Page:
News Releases

News Release - Manitoba

June 12, 2020

Province Announces New Services to Support Newcomers with Post-Traumatic Stress Disorder

– – –
$2.1-Million Investment Provides Increased Mental Health Services for Newcomers and Refugees: Friesen

More than $2.1 million will be invested to provide more community-based trauma services for newcomers and refugees suffering from post-traumatic stress disorder (PTSD), Health, Seniors and Active Living Minister Cameron Friesen announced today.
“Many newcomers to Manitoba have experienced trauma that may significantly impact their new lives in Canada,” said Friesen. “This funding will provide access to ongoing counselling, psychological and psychiatric care to ensure newcomers have the supports they need to heal and build a strong future.”
The investment, to be spread over three years, will be used to create a collaborative and interdisciplinary, community-based newcomer trauma team. The team will serve refugees and other immigrants, and include expertise and services from Shared Health, the Aurora Family Therapy Centre, Family Dynamics and Immigration Partnership Winnipeg as well as staff from Manitoba Adolescent Treatment Centre and the Winnipeg Regional Health Authority.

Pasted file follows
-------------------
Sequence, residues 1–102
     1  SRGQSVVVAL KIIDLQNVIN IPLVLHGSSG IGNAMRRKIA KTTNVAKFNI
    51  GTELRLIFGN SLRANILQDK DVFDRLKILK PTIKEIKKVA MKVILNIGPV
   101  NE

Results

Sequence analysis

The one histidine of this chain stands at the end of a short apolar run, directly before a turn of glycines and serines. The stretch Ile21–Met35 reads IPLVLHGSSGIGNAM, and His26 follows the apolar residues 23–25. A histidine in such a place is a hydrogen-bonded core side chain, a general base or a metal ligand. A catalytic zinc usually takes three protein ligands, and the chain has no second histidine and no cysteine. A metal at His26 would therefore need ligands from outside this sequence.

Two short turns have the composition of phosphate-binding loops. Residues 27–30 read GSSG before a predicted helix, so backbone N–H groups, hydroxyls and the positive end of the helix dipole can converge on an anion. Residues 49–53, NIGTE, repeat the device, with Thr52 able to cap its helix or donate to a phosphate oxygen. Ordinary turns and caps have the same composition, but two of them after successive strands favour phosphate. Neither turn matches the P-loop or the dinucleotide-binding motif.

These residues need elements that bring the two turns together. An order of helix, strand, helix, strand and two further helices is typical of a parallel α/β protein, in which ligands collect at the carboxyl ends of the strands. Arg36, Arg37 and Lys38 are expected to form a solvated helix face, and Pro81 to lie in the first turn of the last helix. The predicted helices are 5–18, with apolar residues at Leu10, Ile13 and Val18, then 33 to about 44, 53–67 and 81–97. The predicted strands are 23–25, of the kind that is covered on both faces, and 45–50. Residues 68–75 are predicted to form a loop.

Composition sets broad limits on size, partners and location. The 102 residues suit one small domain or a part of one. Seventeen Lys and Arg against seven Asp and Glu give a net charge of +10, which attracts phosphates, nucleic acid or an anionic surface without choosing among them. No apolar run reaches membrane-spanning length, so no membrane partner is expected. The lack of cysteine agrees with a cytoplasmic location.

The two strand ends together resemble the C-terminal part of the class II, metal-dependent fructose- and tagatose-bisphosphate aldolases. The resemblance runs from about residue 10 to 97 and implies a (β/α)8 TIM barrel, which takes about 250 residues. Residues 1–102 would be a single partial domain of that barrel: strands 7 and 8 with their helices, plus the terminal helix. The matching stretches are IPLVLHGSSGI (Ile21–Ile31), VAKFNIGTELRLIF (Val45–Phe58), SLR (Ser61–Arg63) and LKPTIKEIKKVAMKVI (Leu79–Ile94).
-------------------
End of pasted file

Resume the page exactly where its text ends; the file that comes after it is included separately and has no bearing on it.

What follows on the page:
“This meaningful investment will make it easier for newcomers and refugees to access mental health services, heal from their trauma and lead productive lives,” said John Smyth, executive director, Aurora Family Therapy Centre. “We thank the Manitoba government for supporting such a unique and progressive approach to helping these communities.”
Improved supports for newcomers with severe trauma will contribute to positive health and social outcomes. That includes reduced child welfare involvement, readiness for employment, reduced justice involvement and reduced gang-related activity.
“Improving access to mental health programming will increase the likelihood that newcomers to our province can make a positive contribution,” said Justice Minister Cliff Cullen. “This investment will help those accessing these services make the right decisions, which will reduce crime rates in our communities.”
This investment fulfils a recommendation made in the VIRGO report, which was to enhance and accelerate supports to deal with community-based substance use, addictions and mental health issues for newcomers and refugees, with a focus on post-trauma care. 
Funding for these initiatives is being provided under the Canada-Manitoba Home and Community Care and Mental Health and Addictions Services Funding Agreement. In the past eight months, the Manitoba government has committed $33.7 million toward 19 initiatives to improve mental health and addictions services throughout the province. 
- 30 -

Background Information -